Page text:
Orange County officials are still figuring out how to split up the incoming $554 million in federal relief as the novel coronavirus continues to slowly spread throughout the county.
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Acknowledging that many cities are looking to tap into the federal relief, County of Orange CEO Frank Kim at a Thursday press conference, clarifying the funding would be tied to virus-related expenses and would be used to expand testing capabilities throughout the county. Testing shortages have been an issue that’s plagued not only OC, but the nation.
“I think first of all, counties and cities have incurred direct expenses related to [the virus]. So those costs, I think should be covered. Two, we know that we have to stand up a robust testing network,” Kim said at a Thursday news conference.
The virus has killed 36 people out of 1,827 confirmed cases in the county, according to updated counts released Thursday. There were also 158 people hospitalized, with 59 in intensive care units. And 20,816 people have been tested so far and County officials announced Tuesday they plan on greatly boosting testing numbers by partnering up with health clinics throughout OC.
Kim said a three-page guideline from the federal government stipulates the money can’t be used to replace lost revenue for cities.
“That money cannot be used to backfill loss of revenue in the County and the cities. So, I think that is a really important item to understand. We’re looking for more flexibility,” Kim said. “But that is the guidance today.”
Meanwhile, Supervisors Michelle Steel and Don Wagner continue meeting with OC business leaders to brainstorm how to reopen businesses.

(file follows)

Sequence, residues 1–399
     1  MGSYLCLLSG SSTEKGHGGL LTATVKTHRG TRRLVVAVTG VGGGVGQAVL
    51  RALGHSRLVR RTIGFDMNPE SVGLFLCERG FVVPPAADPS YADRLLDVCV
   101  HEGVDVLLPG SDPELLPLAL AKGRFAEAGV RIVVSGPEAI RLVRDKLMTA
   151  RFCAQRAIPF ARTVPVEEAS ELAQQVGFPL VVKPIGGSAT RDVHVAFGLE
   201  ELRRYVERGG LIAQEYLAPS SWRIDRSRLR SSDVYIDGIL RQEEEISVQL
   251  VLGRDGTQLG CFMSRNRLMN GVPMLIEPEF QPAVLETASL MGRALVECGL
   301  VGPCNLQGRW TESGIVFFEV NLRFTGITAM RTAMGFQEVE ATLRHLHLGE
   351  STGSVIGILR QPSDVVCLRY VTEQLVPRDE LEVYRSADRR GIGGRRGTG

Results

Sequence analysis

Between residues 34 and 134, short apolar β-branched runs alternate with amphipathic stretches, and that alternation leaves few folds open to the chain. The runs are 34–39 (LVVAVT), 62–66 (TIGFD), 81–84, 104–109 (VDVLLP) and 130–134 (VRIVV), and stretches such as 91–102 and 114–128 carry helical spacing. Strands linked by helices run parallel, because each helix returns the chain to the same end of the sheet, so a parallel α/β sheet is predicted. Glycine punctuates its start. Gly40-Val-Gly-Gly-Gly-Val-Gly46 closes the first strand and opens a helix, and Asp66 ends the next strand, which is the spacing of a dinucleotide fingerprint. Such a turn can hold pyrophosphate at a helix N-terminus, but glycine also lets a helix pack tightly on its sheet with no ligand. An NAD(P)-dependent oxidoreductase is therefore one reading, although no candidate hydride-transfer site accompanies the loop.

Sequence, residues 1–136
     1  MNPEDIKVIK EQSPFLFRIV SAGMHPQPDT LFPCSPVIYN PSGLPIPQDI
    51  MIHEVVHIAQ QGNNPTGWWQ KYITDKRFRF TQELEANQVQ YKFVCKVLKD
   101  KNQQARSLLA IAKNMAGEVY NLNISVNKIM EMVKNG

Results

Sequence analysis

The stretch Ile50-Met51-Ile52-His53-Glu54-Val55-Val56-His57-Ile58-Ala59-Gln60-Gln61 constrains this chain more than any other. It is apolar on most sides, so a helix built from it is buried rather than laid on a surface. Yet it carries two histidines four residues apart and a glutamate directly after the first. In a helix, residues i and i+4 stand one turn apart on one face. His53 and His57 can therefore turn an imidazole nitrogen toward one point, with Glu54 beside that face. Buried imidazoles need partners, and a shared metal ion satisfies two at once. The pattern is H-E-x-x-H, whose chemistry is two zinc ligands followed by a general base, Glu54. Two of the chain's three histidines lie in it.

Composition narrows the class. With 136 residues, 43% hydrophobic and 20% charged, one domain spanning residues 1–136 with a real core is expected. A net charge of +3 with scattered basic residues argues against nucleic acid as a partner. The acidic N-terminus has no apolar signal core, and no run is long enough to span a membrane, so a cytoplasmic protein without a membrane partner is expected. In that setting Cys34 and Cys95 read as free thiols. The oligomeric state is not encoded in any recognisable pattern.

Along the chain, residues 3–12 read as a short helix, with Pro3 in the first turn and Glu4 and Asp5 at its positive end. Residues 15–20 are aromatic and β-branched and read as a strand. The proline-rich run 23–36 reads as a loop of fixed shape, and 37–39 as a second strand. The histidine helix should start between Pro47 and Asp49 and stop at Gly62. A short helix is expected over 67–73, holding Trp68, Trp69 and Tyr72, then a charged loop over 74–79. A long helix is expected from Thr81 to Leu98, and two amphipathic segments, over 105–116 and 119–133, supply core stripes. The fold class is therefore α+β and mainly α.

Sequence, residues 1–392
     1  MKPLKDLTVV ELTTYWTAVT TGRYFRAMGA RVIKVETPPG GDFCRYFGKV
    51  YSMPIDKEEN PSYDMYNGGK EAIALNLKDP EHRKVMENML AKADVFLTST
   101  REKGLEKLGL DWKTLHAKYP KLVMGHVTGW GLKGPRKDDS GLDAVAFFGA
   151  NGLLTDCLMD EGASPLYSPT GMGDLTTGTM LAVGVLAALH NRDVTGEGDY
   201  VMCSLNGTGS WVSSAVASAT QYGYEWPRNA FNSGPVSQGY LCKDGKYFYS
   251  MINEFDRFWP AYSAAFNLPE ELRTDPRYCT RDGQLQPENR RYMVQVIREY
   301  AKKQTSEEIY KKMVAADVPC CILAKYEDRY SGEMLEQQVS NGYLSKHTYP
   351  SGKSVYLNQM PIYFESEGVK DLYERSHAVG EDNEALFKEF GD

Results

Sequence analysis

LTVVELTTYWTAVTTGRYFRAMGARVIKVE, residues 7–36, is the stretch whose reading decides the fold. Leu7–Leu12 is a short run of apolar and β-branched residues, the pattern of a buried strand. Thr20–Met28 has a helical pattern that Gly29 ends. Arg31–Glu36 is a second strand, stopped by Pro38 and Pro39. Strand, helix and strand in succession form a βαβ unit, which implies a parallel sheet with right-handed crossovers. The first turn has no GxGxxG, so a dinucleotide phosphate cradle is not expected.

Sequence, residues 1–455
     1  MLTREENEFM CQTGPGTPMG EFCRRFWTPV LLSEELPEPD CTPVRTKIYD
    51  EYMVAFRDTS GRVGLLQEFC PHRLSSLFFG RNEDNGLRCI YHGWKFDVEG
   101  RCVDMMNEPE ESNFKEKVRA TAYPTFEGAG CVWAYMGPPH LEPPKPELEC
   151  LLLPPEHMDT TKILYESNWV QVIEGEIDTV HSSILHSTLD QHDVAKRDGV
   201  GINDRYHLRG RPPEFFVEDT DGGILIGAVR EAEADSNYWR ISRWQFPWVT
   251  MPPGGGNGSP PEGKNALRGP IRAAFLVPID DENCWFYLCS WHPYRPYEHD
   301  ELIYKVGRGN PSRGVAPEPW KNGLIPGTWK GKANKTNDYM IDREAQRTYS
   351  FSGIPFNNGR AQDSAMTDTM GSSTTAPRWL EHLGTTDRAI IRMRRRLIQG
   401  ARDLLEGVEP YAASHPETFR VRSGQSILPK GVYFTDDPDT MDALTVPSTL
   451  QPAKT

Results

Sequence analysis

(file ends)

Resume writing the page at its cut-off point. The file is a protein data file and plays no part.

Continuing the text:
“The committee looked at a variety of angles on how each respective industry would be able to reopen in a safe, efficient way,” Steel said.
She said the committee is also speaking with medical experts to reopen “when the time is right and to do so in a way that is medically safe … so we don’t risk an outbreak.”
Public Health Officer Dr. Nichole Quick has said the virus hasn’t hit OC as hard as early projections stated, but has also warned against reopening things too quickly .
Kim also echoed Quick’s previous public comments.
“The county is performing well and I think we want to be cautious because you know at any time you can have a large virus infection,” Kim said.
Quick and Kim said the county is gearing up its medical staff for “contact tracing,” which is tracking someone who’s been near a positive virus case and monitoring them for signs of infection while they’re quarantined.
“Once we reopen businesses and individuals begin to congregate … we want to be ready for that,” Kim said.
And reopening can largely depend on serology testing — blood tests that show if someone has already had the virus through looking for antibodies.
“There are several approved serology tests. Quest (Diagnostics) announced this week they can now do serology testing,” Quick said.
Kim said Quest told him they can do up to 3,000 serology tests a day.
Meanwhile, Gov. Gavin Newsom is putting together a task force to study on when to begin lifting some of his stay-home orders. But the stay-home orders are likely to stay in place until at least mid-May, he said at various news conferences this week.
Since the stay home orders began March 19, millions of Californians have been either laid off or taken cuts in their employment hours.
More than 2.7 million people have applied for unemployment throughout the state since the stay home orders were put in place.
The demand on the Employment Development Department is so great, people who call in to begin their unemployment insurance applications are referred to the department’s website, which has been facing intermittent outages this week.
Many Californians are met with an automatic phone message from the employment department.
“We are currently receiving more calls than we can answer and are unable to assist you at this time. Please try again later.”
Here’s the latest on the virus numbers across Orange County:
Spencer Custodio is a Voice of OC staff reporter. You can reach him at firstname.lastname@example.org. Follow him on Twitter @SpencerCustodio.
Digital Editor Sonya Quick contributed to this story. You can reach her at email@example.com or on Twitter @sonyanews.
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